180    In all these cases what can be seen as clear and as taken from the content of the statute (as directed to the instant contravention for the objective of deterrence of such kind of contravention, in a statutory context of a maximum penalty for the worst type of contravening warranting the heaviest possible penalisation for the object of deterrence) is that the notion of proportionality of the penal response is central to the content of the statutory power to impose the penalty. That proportional response is not blind to wilful recidivism, to asserted impunity from obedience to the law, or to any other aspect of intentional disobedience to the will of Parliament. Such matters form a principled part of the assessment of the seriousness of the contravention and thus the evaluation of the appropriate penalty. No Full Court has said to the contrary. The jurisprudence of the Court in point of expression of principle is clear and consistent. What is not permitted in the name of deterrence is to untether the penal response from the nature and character of the instant contravention such that the penalty imposed can be seen to be undifferentiated between grades of conduct assessed and characterised on a principled basis.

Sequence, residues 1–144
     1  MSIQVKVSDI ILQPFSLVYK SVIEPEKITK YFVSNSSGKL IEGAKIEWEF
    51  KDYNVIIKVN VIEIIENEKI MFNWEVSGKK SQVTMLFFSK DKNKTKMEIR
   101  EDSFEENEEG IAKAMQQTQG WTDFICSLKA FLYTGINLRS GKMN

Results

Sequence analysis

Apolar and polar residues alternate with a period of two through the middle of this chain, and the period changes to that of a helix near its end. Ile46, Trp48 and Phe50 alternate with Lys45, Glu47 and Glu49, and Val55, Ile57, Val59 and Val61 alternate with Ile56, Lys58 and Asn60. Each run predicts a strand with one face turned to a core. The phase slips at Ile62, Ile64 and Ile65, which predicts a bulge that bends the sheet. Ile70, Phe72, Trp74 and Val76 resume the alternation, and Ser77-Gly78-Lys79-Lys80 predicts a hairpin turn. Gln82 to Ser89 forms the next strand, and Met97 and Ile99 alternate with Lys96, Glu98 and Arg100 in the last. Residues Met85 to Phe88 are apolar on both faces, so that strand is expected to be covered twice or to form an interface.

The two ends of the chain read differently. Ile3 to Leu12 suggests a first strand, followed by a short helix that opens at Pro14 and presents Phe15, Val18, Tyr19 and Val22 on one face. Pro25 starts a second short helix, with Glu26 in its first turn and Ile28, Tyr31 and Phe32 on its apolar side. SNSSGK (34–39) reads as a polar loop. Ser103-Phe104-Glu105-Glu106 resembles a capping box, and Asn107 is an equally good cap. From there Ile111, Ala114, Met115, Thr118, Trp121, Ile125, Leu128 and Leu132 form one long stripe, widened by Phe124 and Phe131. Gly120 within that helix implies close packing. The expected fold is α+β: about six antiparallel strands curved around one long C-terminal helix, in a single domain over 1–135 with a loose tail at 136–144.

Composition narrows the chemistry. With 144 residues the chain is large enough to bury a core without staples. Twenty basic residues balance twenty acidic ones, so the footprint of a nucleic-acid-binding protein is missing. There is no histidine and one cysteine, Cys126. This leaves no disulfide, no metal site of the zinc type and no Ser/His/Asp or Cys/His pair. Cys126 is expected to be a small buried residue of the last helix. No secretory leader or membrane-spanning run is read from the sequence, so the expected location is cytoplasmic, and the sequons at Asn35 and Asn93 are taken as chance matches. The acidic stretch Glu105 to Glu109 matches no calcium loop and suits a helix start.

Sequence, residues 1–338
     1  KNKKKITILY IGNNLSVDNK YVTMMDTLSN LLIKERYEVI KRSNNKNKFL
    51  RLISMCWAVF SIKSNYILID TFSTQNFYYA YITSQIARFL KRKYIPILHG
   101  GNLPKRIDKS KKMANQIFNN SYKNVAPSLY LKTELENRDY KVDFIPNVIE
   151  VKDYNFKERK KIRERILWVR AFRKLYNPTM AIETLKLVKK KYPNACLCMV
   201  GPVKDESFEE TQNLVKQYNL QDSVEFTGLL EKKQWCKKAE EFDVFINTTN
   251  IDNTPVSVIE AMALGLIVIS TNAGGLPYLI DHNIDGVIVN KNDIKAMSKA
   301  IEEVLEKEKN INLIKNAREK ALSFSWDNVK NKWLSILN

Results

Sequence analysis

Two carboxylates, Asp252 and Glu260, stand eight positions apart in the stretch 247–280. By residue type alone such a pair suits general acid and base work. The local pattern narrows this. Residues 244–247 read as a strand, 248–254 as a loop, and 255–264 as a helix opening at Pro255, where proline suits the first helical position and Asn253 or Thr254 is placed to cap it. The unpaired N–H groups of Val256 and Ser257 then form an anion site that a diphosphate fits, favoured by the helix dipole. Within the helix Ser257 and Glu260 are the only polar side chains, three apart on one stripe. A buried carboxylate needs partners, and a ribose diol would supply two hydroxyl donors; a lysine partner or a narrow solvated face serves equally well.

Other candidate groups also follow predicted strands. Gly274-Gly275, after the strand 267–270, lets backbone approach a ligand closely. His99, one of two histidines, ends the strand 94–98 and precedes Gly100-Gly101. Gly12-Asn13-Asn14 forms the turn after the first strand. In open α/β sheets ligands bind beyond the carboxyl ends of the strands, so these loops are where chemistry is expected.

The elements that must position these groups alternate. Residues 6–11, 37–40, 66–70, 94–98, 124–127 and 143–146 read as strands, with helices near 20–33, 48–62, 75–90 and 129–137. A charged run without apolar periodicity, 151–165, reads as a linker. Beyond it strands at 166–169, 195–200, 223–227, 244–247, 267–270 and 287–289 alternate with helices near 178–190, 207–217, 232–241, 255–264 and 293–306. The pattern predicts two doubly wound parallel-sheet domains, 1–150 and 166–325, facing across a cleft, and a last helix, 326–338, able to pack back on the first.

181    Were the statute to permit such penalisation: that is the imposition of a penalty disproportionate to the seriousness of the contravention (having considered any willingness to disobey the law in that assessment), one would need the clearest words. Any such interpretation of the statute, that is to remove proportionality from the assessment of an appropriate penal response to a contravention or to make it a subsidiary consideration, would lead to an interpretation of a statutory power to inflict a penal consequence untethered to the nature and seriousness of the contravention. In such circumstances one is no longer penalising for an instant contravention, rather one is imposing penalties to bring about compliance generally by, in effect, saying the maximum penalty is always available against the recidivist for any contravention since the penalty will always conform with the object of deterrence. Such an approach could encourage or lead to inconsistent decision-making informed by personal perspective and opinion. A view that that is the current law would require the High Court to state as much. The view that Parliament would intend a discretion in sentencing with such capacity for variance according to personal choice and attitude is not lightly to be made. Any such interpretation would be required to confront what Gleeson CJ said in Wong v The Queen [2001] HCA 64; 207 CLR 584 at 591 [6] (albeit in the criminal law), as approved by the plurality (French CJ, Gummow, Hayne, Crennan, Kiefel and Bell JJ) in Hili v The Queen [2010] HCA 45; 242 CLR 520 at 535 [47]: